Peaceful Places in Memphis: The Peabody Rooftop as the Sun Sets at 7:16 PM

Posted on April 28, 2015

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By: Lily Kate Anthony

In a city of over 600,000, known for its sound and certainly not its silence, I often thought that I needed to escape to find peace. Only recently did I realize that I did not have to go so far after all.

3830225I pause at the marble-topped bar in the lobby to order a Shirley Temple that costs me all of three and a half dollars. Saccharine, roseate grenadine blushes upward from the base of my cocktail glass, now faceted with condensation, as I select a secluded table in the corner screened by potted palms. Breaking Maraschino cherries between my teeth and relishing their viscid excretions, I settle into the anonymity afforded by my surroundings and convince myself that I, too, am a tourist beneath the Peabody’s stained glass ceilings (when, of course, I am not). The grand fountain is empty of mallard ducks, and a pianist in street clothes with a smoker’s voice lingers over the final notes of Louis Armstrong’s “What a Wonderful World.” I leave my perspiring, now empty glass on the tabletop and join a young couple–likely newlyweds–in the elevator, which ascends patiently after decades of the same vertical journey.

As I step out onto rooftop, I realize just how indebted I am to the Peabody. It was on one of the fourteen floors that my father, the beverage manager for the hotel at the time, declared at first sight that he would marry my mother, a PR assistant. And it is beneath the illuminated red letters spelling out the name of the building for the crepuscular city below that I continually rediscover just how beautiful Memphis is.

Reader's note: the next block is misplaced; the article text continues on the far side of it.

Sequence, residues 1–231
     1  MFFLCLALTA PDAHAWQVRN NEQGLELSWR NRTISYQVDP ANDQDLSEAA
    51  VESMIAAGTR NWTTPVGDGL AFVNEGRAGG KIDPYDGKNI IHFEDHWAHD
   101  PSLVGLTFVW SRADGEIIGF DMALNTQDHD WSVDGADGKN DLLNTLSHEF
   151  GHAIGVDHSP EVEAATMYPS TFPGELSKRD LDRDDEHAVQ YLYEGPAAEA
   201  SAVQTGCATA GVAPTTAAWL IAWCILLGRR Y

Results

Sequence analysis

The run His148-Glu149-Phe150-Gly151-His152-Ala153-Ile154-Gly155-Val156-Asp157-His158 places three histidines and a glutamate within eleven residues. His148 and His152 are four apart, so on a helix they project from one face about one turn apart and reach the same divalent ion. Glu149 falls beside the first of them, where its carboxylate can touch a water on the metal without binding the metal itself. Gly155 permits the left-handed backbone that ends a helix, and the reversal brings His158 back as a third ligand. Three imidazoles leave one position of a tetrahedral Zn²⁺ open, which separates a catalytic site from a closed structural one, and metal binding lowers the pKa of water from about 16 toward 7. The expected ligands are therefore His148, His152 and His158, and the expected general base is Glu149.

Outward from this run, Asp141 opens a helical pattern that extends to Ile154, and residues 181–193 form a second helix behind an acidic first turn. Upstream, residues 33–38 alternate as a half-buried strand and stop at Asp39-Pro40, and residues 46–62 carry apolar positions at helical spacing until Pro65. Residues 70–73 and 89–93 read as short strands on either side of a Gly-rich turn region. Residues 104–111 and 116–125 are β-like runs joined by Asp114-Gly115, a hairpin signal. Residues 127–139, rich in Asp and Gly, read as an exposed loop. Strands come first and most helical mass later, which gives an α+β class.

I stand at the roof’s edge, which was always forbidden as a child due to my father’s acrophobia, overlooking gilded glass windows and concrete stained the color of overturned champagne as the sun incinerates the edge of the sky, spilling over itself into the river like honey or molten glass. The sounds of street-corner saxophones drift northward from Beale, intermingling with the murmur of traffic and faraway freight trains and the smell of Huey’s cooking grease. The skyscrapers that from the ground seem to support the firmament are suddenly made small. The skyline severs the bridge in the distance so that only one of its arches can be seen extendi1955010ng out over the Mississippi. The carriages move lazily down Union, and the river currents circulate indifferent and undisturbed.

Maybe Ferris was right when he said that anything is peaceful from 1,353 feet. The precise quantitative height he offered is unimportant, of course, but the sentiment is applicable almost everywhere; removing oneself from the rushing chaos of grounded society imparts an illuminated perspective and an unconventional appreciation of beauty. Standing on the rooftop with the wind catching my hair, I look down at my city–the oily street lamps that extend endlessly in succession behind me, the pedestrians congregating at the crosswalks, a shred of the word Orpheum surrounded by glittering bulbs, and the bluff tumbling into mellifluous brown waters. Looking down through the veil of nightfall, Memphis is simultaneously alive and serene.

I take a photograph for a group of college-age girls, vow to look upward more often, and finally descend with the last of the saffron light.

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Posted in: Lifestyle